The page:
Scalable, Lifted Maximum a Posteriori Inference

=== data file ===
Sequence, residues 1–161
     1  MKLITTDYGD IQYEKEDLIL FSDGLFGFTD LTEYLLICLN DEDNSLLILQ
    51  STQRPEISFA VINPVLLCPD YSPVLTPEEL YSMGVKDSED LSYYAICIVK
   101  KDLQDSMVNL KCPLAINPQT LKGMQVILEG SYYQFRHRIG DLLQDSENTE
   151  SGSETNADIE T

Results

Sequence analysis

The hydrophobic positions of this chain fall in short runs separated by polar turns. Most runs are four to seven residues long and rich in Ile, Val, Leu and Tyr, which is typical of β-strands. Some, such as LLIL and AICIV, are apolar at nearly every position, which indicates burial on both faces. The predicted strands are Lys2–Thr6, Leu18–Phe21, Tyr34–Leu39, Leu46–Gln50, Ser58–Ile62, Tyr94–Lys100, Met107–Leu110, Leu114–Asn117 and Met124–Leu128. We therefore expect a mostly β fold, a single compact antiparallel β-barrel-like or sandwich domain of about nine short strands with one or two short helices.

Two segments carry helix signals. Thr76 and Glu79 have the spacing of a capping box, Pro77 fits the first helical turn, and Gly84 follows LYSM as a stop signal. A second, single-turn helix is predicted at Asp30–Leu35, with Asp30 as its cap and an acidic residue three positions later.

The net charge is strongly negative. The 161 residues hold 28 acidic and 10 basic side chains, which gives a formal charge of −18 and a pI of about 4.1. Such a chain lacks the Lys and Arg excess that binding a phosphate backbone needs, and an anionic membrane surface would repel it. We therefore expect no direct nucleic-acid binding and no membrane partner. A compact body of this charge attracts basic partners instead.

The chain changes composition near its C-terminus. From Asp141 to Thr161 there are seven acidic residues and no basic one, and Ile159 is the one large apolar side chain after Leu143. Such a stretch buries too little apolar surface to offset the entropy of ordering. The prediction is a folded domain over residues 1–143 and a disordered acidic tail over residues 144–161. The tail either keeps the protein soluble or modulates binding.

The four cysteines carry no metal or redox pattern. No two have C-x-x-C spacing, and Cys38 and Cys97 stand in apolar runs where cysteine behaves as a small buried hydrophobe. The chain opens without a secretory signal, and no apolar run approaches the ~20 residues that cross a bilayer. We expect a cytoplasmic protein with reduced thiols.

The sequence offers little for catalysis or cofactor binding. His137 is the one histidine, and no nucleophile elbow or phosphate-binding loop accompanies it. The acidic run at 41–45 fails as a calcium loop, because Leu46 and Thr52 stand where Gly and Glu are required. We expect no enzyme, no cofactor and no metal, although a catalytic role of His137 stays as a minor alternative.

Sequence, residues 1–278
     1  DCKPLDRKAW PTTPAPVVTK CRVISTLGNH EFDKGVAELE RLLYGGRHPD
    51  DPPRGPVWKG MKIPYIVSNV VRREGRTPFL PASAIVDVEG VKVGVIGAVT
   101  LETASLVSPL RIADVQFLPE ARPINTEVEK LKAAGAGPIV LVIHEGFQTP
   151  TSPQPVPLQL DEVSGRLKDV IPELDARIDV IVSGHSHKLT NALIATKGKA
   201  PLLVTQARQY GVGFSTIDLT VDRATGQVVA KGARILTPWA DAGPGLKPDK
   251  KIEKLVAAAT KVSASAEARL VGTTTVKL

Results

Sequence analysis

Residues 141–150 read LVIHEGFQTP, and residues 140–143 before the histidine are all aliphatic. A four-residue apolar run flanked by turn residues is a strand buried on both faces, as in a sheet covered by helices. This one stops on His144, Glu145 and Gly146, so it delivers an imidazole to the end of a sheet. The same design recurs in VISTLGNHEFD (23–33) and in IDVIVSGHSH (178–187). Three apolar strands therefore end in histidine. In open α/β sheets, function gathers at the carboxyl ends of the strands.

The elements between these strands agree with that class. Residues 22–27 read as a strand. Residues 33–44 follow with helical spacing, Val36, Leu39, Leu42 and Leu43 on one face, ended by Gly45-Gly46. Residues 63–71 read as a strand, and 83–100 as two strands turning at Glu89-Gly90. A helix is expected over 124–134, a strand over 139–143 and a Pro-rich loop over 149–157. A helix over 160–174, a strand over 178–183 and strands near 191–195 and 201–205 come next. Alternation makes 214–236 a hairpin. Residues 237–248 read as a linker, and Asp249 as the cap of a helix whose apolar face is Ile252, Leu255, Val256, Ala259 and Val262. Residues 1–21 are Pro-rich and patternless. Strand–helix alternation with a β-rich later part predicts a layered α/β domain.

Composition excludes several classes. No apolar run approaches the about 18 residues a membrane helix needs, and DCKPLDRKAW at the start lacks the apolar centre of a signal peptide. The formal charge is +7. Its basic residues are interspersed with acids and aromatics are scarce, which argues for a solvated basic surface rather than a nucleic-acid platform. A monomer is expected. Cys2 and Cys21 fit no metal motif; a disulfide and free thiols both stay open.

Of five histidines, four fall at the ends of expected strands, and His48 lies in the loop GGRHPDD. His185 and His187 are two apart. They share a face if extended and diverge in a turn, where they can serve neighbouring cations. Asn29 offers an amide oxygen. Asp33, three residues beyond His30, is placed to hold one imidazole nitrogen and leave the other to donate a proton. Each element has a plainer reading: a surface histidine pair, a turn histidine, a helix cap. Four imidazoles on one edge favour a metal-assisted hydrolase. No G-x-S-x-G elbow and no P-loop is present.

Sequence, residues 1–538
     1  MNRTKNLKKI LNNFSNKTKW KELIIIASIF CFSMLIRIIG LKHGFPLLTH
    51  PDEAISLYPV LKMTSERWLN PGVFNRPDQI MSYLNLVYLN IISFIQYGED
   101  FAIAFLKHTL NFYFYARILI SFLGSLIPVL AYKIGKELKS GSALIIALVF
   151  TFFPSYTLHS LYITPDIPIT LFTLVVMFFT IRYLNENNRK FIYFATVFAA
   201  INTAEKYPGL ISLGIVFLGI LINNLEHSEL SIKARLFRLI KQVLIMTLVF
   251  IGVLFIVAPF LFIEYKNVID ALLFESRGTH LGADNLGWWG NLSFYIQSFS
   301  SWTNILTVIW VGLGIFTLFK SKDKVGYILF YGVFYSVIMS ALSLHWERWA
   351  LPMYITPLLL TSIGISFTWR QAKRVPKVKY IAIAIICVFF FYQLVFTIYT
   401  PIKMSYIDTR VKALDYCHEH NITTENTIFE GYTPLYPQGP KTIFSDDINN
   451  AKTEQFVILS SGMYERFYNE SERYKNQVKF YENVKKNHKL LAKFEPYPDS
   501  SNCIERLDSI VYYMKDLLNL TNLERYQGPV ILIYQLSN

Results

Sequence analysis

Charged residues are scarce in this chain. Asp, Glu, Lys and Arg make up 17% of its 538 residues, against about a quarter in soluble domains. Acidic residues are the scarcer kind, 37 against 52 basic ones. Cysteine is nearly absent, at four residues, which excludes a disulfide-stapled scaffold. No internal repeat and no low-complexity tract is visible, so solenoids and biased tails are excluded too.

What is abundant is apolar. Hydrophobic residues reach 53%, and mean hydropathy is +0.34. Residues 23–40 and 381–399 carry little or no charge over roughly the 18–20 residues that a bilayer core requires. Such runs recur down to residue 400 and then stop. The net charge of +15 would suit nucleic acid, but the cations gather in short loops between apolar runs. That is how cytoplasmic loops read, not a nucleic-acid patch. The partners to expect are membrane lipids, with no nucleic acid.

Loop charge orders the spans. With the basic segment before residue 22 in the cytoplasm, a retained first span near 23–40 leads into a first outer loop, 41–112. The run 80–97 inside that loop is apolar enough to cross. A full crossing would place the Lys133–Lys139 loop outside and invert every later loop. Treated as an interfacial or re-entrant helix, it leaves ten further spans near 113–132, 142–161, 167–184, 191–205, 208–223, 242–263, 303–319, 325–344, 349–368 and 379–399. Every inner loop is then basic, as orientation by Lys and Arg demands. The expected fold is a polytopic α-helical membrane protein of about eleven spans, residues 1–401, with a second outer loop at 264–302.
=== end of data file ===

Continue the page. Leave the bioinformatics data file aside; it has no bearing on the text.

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This dissertation focuses on Markov logic networks (MLNs), a knowledge representation tool that elegantly unifies first-order logic (FOL) and probabilistic graphical models (PGMs). FOL enables compact representation while probability allows the user to model uncertainty in a principled manner. Unfortunately, although the representation is compact, inference in MLNs is quite challenging, as PGMs generated from MLNs typically have millions of random variables and features. As a result, even linear time algorithms are computationally infeasible. Recently, there has been burgeoning interest in developing "lifted" algorithms to scale up inference in MLNs. These algorithms exploit symmetries in the PGM associated with an MLN, detecting them in many cases by analyzing the first-order structure without constructing the PGM, and thus have time and space requirements that are sub-linear when symmetries are present and can be detected. However, previous research has focused primarily on lifted marginal inference while algorithms for optimization tasks such as maximum-a-posteriori (MAP) inference are far less advanced. This dissertation fills this void, by developing next generation algorithms for MAP inference. This dissertation presents several novel, scalable algorithms for MAP inference in MLNs. The new algorithms exploit both exact and approximate symmetries, and experimentally are orders of magnitude faster than existing algorithms on a wide variety of real-world MLNs. Specifically, this dissertation makes the following contributions: A key issue with existing lifted approaches is that one has to make substantial modifications to highly engineered, well-researched inference algorithms and software, developed in the PGM community over the last few decades. We address this problem by developing the ``lifting as pre-processing'' paradigm, where we show that lifted inference can be reduced to a series of pre-processing operations that compresses a large PGM to a much smaller PGM. Another problem with current lifted algorithms is that they only exploit exact symmetries. In many real-world problems, very few exact symmetries are present while approximate symmetries are abundant. We address this limitation by developing a general framework for exploiting approximate symmetries that elegantly trades solution quality with time and space complexity. Inference and weight learning algorithms for MLNs need to solve complex combinatorial counting problems. We propose a novel approach for formulating and efficiently solving these problems. We scale-up two approximate inference algorithms, Gibbs sampling and MaxWalkSAT and three weight learning algorithms, Contrastive Divergence, Voted Perceptron, and, Pseudo-log-likelihood learning. We propose novel approximate inference algorithms for accurate, scalable inference in PGMs having shared sub-structures but no shared parameters. We demonstrate both theoretically and experimentally that they outperform state-of-the-art approaches.